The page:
Mary Chamberlain was the first author to be published by pioneering women’s press, Virago. As this week marks the 45th anniversary of the company’s founding, Mary remembers those early years.
On 18 June 1973 Carmen Callil registered Virago Limited at Companies House. Its business? Book Publishing. Marsha Rowe and Rosie Boycott were listed as directors. This year is Virago’s 45th anniversary and a strange moment for me, as I segue from historian turned novelist into – as Virago’s first author – historical curio.
Carmen Callil arrived in London from Australia in 1960 and drifted into book publicity, one of the few jobs in publishing open to women. She hung out with fellow Aussies such as Richard Neville in the radical world of the underground press – of Oz, Ink and the like. Another émigré on the circuit was Marsha Rowe who, with Rosie Boycott, went on to found Spare Rib, feminism’s answer to the counter culture, in 1972.
Carmen’s publicity company helped launch Spare Rib and in the spirit of making women’s voices heard, Carmen hit upon the idea of launching a publishing house, run by women, publishing women but for a mass audience. Although women were the largest book reading market, they were poorly represented in the industry: women writers struggled to be commissioned, published or to stay in print, editors and literary agents were predominantly male. The working title for Carmen’s brainwave was Spare Rib Books, until the idea of calling it Virago – a tongue-in-cheek title – took hold. Harriet Spicer, a newly minted Oxford graduate, was appointed as Carmen’s assistant in 1973 and a year later, Ursula Owen, with a background in non-fiction editing, joined the company.
I first met Carmen in April 1973. I was twenty five years old and had an introduction to her from Anna Coote, a university friend who had founded Women’s Report, of which I was a member. Carmen lived and worked in her flat on the top floor of 27, Smith Street, in Chelsea. It was a small apartment, the main room dominated by a red-tiled fireplace, large plants and three Persian cats. Carmen and Harriet and, later, Ursula, worked off the dining room table into the early hours, fuelled by wine, wit and adrenalin, drawing up that first list which included Nancy Friday’s My Secret Garden, on women’s sexual fantasies and Merlin Stone’s The Paradise Papers, on early goddesses.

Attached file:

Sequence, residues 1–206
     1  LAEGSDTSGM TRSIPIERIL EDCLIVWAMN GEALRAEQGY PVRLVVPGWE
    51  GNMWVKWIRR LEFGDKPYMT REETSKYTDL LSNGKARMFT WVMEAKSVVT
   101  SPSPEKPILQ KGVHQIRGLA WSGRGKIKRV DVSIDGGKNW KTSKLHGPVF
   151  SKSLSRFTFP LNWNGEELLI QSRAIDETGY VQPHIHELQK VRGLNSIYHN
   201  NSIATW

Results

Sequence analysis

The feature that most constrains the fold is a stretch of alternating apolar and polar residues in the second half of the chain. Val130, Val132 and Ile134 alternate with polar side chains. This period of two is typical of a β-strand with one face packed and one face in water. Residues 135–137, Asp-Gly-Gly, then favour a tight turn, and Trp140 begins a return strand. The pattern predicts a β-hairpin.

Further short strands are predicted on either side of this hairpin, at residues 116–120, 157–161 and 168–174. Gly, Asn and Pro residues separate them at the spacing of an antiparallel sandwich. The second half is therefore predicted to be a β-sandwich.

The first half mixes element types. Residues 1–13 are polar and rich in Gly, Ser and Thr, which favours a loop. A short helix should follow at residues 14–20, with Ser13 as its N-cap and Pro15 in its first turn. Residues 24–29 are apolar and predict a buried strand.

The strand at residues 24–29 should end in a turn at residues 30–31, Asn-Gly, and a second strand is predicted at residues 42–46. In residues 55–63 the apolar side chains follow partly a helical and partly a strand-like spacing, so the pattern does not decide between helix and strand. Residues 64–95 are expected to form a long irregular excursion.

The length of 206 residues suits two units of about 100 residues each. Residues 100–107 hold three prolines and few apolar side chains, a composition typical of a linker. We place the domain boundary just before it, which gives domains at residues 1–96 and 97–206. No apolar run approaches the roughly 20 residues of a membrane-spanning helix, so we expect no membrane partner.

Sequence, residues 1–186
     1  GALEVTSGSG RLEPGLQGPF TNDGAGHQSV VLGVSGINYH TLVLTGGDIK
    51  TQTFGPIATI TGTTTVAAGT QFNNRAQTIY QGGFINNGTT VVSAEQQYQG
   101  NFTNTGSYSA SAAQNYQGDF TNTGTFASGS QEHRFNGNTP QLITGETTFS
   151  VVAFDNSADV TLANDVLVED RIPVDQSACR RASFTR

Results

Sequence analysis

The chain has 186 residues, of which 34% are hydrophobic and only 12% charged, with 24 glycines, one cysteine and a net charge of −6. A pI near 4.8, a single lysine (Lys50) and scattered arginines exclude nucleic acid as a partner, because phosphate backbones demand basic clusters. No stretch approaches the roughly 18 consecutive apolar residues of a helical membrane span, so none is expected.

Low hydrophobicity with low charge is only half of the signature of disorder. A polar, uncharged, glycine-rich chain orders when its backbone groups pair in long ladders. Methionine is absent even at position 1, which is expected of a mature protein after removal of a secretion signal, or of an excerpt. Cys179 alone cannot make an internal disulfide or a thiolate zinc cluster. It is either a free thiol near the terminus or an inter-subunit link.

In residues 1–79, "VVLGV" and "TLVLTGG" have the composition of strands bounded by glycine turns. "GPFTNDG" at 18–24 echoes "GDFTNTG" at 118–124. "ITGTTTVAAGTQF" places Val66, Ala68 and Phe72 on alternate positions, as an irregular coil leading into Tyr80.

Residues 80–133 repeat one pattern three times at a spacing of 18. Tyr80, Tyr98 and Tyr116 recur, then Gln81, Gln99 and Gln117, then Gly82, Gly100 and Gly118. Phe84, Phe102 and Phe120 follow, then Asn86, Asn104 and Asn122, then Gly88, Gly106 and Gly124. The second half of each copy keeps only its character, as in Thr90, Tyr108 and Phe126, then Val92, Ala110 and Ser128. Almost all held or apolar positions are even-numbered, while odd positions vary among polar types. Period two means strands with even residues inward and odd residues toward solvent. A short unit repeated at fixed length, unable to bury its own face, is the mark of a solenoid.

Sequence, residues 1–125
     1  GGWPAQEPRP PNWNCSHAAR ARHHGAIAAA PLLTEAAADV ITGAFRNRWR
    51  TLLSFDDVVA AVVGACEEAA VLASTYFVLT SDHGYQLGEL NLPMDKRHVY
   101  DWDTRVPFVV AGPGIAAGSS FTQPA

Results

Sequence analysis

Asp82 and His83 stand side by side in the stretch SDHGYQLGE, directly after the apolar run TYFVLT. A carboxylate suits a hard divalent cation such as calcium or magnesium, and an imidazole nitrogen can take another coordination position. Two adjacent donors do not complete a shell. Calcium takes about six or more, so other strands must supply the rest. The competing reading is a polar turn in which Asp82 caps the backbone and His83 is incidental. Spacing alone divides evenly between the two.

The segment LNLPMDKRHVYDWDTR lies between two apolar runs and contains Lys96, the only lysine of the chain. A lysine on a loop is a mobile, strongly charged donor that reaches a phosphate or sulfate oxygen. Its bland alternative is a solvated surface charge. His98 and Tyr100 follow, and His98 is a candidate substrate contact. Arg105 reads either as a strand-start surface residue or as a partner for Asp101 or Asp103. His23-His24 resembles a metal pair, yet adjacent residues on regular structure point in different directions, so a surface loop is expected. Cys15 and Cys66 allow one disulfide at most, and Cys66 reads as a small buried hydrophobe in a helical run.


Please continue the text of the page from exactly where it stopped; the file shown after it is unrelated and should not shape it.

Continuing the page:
At the time I was living in a remote village in the Cambridgeshire fens with my then husband, the writer Carey Harrison. Anna had suggested that I was ideally placed to write a feminist counterpart to Ronald Blythe’s hugely successful Akenfield: Portrait of an English Village published in 1969. Despite its critical acclaim, it had one major flaw: most of the interviews upon which the book was based were with men and the collective story it told – like George Ewart Evans’ classic Ask The Fellows Who Cut the Hay (1956) – was one in which the women’s experience was excluded.
I made a ‘pitch’ to Carmen – a highly amateur affair, based on no track record of publication – and Carmen told me to return with a synopsis and a sample chapter. I did. Carmen commissioned me, gave me a minuscule advance and a deadline of September 1974. Somewhere, deep inside my attic, I have the contract and the original manuscript for what became Virago’s first book, Fenwomen: A Portrait of Women in an English Village.
It was published in September 1975. Carmen’s background in publicity ensured that she, Virago and Fenwomen, were featured in full page spreads in national and local papers, in weekly magazines and on radio and television. The book received critical acclaim (and commercial success), was the inspiration behind Caryl Churchill’s award winning play, Fen, and has been published now in three editions (the latest in 2011 with Full-Circle Publications.)
A feminist publishing company, however, was unlikely to have a smooth passage, particularly one that had appeared with such fanfare and with such a provocative name. On 7 September – the day before the book was launched – the News of the World ran a double page exposé. Headlined ‘Why Mary Unveiled A Village’s Love Secrets,’ it was subtitled, ‘There’ll be red faces on the farm when this book comes out.’ The substance of the article was sexual innuendo and fabrication. The villagers, who’d not had a chance to read the book, were outraged and felt, rightly, betrayed. The ‘scandal’ was exploited by the Cambridge Evening News who fuelled the fury in editorials, updates and often libellous correspondence every day for a week.
The ambitions of Fenwomen were a far cry from its tabloid portrayal, and I still receive letters from the public saying how much they enjoyed the book, and thanking me for telling the women’s stories.